Water Quality Modeling of an Urban Stream Using LSPC
Saddle River is a 16.3 miles long major tributary of the Passaic River in New Jersey. The watershed consists of approximately 60 square miles of developed urban area with extensive residential land use, and two wastewater treatment plants (WWTPs) discharging into Hohokus Brook, a large tributary. New Jersey DEP (Department of Environmental Protection) and USGS (United States Geological Survey) have been monitoring the water quality in Saddle River and Hohokus Brook using both grab samples and continuous monitoring. High nitrogen and phosphorus concentrations have been observed in the reaches below the WWTPs.
A watershed model for Saddle River watershed was developed using the USEPA Load Simulation Program C++ (LSPC) model. The LSPC model is a simplified version of the widely used Hydrologic Simulation Program Fortran (HSPF) model with the same algorithm for routing and reach water quality simulation.
The Saddle River Watershed was sub-delineated to 54 subwatersheds with an average of subwatershed size of 720 acres. Seventeen types of land uses were used in the model, including low density, medium density, and high density residential land uses featuring both pervious and impervious surfaces. Hourly weather data from the Teterboro Airport were used to generate the LSPC weather input file that includes parameters for precipitation, potential evapotranspiration, air temperature, dew point temperature, wind speed, solar radiation, and cloud cover. Non-point source loadings of CBOD, ammonia, nitrite/nitrate, organic nitrogen, orthophosphate, and organic phosphorus from the seventeen modeled land uses were simulated using build-up and wash-off methods. Point source loadings from the WWTPs were directly assigned to the corresponding reaches.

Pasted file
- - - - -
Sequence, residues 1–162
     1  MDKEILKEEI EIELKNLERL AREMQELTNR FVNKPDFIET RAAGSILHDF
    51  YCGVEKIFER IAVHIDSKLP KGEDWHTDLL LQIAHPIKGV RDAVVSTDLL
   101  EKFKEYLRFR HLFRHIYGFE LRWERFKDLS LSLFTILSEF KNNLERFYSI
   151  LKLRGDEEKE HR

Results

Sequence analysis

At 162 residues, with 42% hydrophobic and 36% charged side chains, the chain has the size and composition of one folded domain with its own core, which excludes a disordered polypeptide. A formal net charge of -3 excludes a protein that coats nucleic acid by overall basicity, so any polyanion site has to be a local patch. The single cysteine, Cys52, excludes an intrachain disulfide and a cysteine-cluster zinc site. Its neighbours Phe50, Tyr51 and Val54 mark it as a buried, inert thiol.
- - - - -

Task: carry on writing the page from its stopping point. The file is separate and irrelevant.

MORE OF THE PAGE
The model simulated hydrology, upland pollutant yield, water temperature, phytoplankton and benthic algae dynamics in the Saddle River and it’s tributaries for the period from 2000 to 2017. Flow data from three USGS gages were used to calibrate the hydrology parameters. Water quality monitoring data from both the grab sample and continuous sonde sites were used to calibrate the parameters of heat transfer and eutrophication process. The model was able to capture the timing and magnitude of the increase in nitrogen and phosphorus concentrations below the WWTPs, and it also reproduced the diurnal fluctuation of water temperature and DO in both magnitude and timing relative to the continuous monitoring observations.